By Susan Harris
As the Pokémon Go craze sweeps and swipes through the world, and we at WWB live in fear of discovering that the office has been designated a gym, we seek refuge in a tale from the Stone Age of Internet gaming. In “The Universe on My Hands,” the Japanese game designer-turned-science-fiction-star Hiroshi Yamamoto presents The Celestial, a club named for the starship setting of the group’s online collaborative novel. Each of the sixty club members assumes the role of a Celestial crew member and contributes to the storyline; the lead writer, who plays the role of the quick-witted captain Ginny Wellner, collates, edits, and directs the narrative. She’s immersed in the latest plot developments when a detective knocks on the door to report that a member, Shawn Mornane in Maintenance, has committed murder and disappeared. In disbelief, Ginny searches for Shawn not on the streets but within the group and the novel itself, rallying the crew members to create a safe space (so to speak) for Shawn to turn himself in. Yamamoto’s story moves between Ginny’s frantic search and the narrative she and the other members produce in its course; the two tales intersect in the conclusion, which—as in all good fiction—is both surprising and inevitable.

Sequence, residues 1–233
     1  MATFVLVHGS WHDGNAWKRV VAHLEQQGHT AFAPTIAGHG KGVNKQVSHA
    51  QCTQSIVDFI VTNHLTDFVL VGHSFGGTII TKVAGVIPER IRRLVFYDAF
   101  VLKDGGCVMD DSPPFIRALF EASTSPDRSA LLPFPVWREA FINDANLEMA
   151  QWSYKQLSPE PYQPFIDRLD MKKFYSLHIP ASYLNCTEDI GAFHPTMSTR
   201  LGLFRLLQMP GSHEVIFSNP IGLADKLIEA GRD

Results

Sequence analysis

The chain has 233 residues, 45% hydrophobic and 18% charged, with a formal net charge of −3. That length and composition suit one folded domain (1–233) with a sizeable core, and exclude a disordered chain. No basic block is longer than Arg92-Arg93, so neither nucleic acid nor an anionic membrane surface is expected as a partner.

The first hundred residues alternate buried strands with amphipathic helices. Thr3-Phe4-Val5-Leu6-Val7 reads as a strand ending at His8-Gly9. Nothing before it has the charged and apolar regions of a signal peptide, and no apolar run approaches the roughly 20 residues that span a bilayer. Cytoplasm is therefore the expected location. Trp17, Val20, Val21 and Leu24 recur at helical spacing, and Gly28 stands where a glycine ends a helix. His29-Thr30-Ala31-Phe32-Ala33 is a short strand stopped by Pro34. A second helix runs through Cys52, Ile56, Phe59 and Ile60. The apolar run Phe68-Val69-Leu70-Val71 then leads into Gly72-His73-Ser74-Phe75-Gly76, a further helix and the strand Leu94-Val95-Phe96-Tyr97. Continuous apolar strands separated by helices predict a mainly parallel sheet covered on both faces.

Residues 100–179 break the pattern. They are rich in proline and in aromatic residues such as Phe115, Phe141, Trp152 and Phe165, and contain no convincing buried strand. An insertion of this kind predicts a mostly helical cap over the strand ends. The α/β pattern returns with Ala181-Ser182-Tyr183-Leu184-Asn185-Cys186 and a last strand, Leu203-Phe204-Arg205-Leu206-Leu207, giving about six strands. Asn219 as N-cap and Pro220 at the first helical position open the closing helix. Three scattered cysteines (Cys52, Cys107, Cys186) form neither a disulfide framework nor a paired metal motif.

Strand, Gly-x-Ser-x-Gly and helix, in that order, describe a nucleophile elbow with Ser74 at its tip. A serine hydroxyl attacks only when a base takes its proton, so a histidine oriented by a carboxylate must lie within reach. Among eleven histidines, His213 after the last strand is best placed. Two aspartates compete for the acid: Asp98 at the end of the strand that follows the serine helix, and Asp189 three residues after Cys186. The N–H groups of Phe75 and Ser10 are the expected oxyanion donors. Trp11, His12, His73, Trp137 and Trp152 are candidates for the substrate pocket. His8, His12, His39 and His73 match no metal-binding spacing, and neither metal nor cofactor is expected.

The story is a dazzling commentary on storytelling and a fascinating snapshot of an earlier generation of gamers (and technology: the middle-aged detective asks if it isn’t expensive for Ginny to stay connected to the Internet). Like Pokémon Go, The Celestial blurs the boundaries of the real and the fantastic. The detective lectures the narrator: “I don’t mean to be nosy, but aren’t you embarrassed to be playing pretend at your age?” Perhaps that escape from reality provides much of the appeal behind Pokémon Go; in light of the events of the last few weeks, that’s a good game plan.
Image: Photograph by Eduardo Woo, cropped. Creative Commons.
Published Jul 15, 2016 Copyright 2016 Susan Harris